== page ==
["The Kiss" (2009), hand-painted and cast resin attached to a Corian base. "Tiny Bubbles" (2008), acrylic on canvas. "The Kiss" (2009), acrylic on canvas.]
Whole new worlds have come to life in Matthew Weinstein’s accomplished new works, which are being exhibited concurrently at Sonnabend Gallery and the Carolina Nitsch Project Room through October 17th. Encompassing paintings, sculpture, and computer animation, Weinstein’s work explores American culture’s escapist preoccupations as he hems and haws between abstraction and figurative narration.
Based on images from the animations, Weinstein’s paintings conjure an invented world: They speak volumes about distances drawn between reality and reality’s "substitutes," both on "Prime Time" and in everyday routine. The artist asks how far we can veer from what is "real" before disconnecting with actions, ideas, and events in our genuine working/living milieu.
Streaming pleasure, pain, and morbidity—adroitly related by the artist—have severed ties to reality within our mass culture so desperate for "sedation." In Weinstein’s quest to examine artistic subjectivity in the glare of this technology, computer generated wireframes, rapid prototyping technology, and animation have become putty in his hands. He has also done this in diverse collaborations with the likes of composer and DJ Adultnapper, the band Balkan Beat Box, actor Blair Brown, and the late Natasha Richardson.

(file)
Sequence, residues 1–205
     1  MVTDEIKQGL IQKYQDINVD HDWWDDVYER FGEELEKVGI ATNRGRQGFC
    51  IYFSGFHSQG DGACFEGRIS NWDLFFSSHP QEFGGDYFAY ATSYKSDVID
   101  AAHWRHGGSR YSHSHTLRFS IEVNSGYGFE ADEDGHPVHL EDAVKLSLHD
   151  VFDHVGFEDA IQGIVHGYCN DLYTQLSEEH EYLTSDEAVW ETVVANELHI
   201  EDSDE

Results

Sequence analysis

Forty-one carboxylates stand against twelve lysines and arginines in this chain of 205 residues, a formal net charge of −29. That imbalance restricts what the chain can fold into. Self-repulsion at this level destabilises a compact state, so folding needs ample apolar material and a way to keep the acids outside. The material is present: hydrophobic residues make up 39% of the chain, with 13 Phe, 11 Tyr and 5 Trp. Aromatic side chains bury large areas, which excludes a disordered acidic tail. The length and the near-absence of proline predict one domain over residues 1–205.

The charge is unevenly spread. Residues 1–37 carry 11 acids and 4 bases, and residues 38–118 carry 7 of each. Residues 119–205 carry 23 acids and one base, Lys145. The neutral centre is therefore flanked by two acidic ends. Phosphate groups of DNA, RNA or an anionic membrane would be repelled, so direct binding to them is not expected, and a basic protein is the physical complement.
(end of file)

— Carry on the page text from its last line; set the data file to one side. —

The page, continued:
We find two Siamese fighting fish in an off-beat reenactment of "Brokeback Mountain" in Weinstein’s animation "Siam"—complete with a cabaret of dancing skeletons and singing koi. Meanwhile, a mechanical fish dangles by a gold chain in the artist’s animation "Chariots of the Gods." The fish in the latter opines on the future, technology, devolution, aliens, and despondency toward societal progress.
Vagaries of American mass culture—in all its surreal, if not distressing, whimsy—come to the fore in Weinstein’s sculpture, "The Kiss." Based on the two Siamese fighting fish that star in "Siam," this vehicle finds a confluence of the aforementioned creatures and martini glasses within a Lucite wave.
Weinstein’s convergent influences and media notwithstanding, his work is notable for its merger of reality and fantasy in a "hyperclarity"—providing a home for his digital reperatory company in a virtual world where the untellable is told.
Weinstein has also shown at Baldwin Gallery (Aspen), Pinakothek der Moderne (Munich), Kunsthalle Vienna, and the Wexner Center for the Arts (Columbus.) He is a recipient of many awards, including a grant from the Wexner Center for the Arts.
New Video, Paintings, and Sculpture
By Matthew Weinstein
Through October 17, 2009
@ Sonnabend Gallery
536 West 22nd Street, NYC 10011
@ Carolina Nitsch Project Room
534 West 22nd Street, NYC 10011
"Ikebana," Weinstein’s 2006 collaboration with noted writer Michael Cunningham is an amazing artifact: This 60 page hardcover (19 full-color plates) with a story by Michael Cunningham and an essay by Weinstein can be obtained at: